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[603] The elegant carriage and all the vehicles on the premises were seized and filled with bacon and plunder. The smokehouses were emptied of their contents and carried off. Every head of poultry was seized and flung over their mules, and they presented the hideous picture in some of the scenes in “Forty Thieves.” Every article of harness they did not wish was cut in pieces.

By this time the first and second parties had left, and a third appeared on the field. They demanded the keys of the drawers, and, on being informed that they had been carried off, coolly and deliberately proceeded to break open the locks, took what they wanted, and when we uttered words of complaint were cursed. Every horse, mule, and carriage, even to the carts, was taken away, and, for hundred of miles, the last animal that cultivated the widow's corn-field, and the vehicles that once bore them to the house of worship, were carried off or broken into pieces and burned.

The first party that came promised to leave ten days provisions, the rest they carried off. An hour afterward, other hordes of marauders from the same army came and demanded the last pound of bacon and the last quart of meal. On Sunday, the negroes were dressed in their best suits. They were kicked, and knocked down and robbed of all their clothing, and they came to us in their shirtsleeves, having lost their hats, clothes, and shoes. Most of our own clothes had been hid in the woods. The negroes who had assisted in removing them were beaten and threatened with death, and compelled to show them where they were concealed. They cut open the trunks, threw my manuscripts and devotional books into a mud-hole, stole the ladies' jewelry, hair ornaments, etc., tore many garments into tatters, or gave the rest to the negro women to bribe them into criminal intercourse. These women afterward returned to us those articles that, after the mutilations, were scarcely worth preserving. The plantation, of one hundred and sixty negroes, was some distance from the house, and to this place successive parties of fifty at a time resorted for three long days and nights, the husbands and fathers being fired at and compelled to fly to the woods.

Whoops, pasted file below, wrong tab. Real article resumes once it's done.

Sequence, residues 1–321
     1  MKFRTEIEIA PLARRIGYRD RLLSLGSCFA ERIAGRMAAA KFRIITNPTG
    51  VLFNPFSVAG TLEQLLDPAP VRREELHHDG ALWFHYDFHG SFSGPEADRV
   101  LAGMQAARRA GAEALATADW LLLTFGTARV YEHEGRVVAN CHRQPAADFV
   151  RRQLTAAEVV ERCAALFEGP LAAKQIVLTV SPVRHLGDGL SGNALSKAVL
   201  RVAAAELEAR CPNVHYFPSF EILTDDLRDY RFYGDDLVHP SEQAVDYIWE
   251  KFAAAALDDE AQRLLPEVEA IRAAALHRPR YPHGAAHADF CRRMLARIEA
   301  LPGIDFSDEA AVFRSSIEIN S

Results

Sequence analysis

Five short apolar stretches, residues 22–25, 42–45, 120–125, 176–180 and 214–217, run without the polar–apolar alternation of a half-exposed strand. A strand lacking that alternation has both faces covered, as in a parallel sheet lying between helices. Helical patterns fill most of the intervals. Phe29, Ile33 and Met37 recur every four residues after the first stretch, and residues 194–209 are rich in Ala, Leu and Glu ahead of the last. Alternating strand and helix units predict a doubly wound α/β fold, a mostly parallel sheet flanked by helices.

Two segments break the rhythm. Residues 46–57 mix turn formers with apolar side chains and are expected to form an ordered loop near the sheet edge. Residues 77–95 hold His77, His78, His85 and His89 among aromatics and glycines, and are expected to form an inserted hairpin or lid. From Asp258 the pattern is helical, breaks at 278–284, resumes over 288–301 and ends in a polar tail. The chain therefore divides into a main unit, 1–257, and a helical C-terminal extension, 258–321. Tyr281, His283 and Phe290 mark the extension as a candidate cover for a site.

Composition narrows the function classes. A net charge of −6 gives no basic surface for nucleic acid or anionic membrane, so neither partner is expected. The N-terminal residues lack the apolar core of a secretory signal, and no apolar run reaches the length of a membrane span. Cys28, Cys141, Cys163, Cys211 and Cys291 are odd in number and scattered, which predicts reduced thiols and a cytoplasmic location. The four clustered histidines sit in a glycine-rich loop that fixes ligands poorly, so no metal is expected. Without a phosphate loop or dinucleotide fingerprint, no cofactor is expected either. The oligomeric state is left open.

Now commenced scenes of licentiousness, brutality, and ravishment that have scarcely had an equal in the ages of heathen barbarity. I conversed with aged men and women, who were witnesses of these infamous acts of Sherman's unbridled soldiery, and several of them, from the cruel treatment they had received, were confined to their beds for weeks afterward. The time will come when the judgment of Heaven will await these libidinous, beastly barbarians. During this time, the fourth party, whom, I was informed by others, we had the most reason to dread, had made their appearance. They came, as they said, in the name of the great General Sherman, who was next to God Almighty. They came to burn and lay in ashes all that was left. They had burned bridges and depots, cotton-gins, mills, barns, and stables. They swore they would make the d——d rebel women pound their corn with rocks, and eat their raw meal without cooking. They succeeded in thousands of instances. I walked out at night, and the innumerable fires that were burning as far as the eye could reach, in hundreds of places, illuminated the whole heavens, and testified to the vindictive barbarity of the foe. I presume they had orders not to burn occupied houses, but they strove all in their power to compel families to fly from their houses that they might afterward burn them. The neighborhood was

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W. T. Sherman (2)
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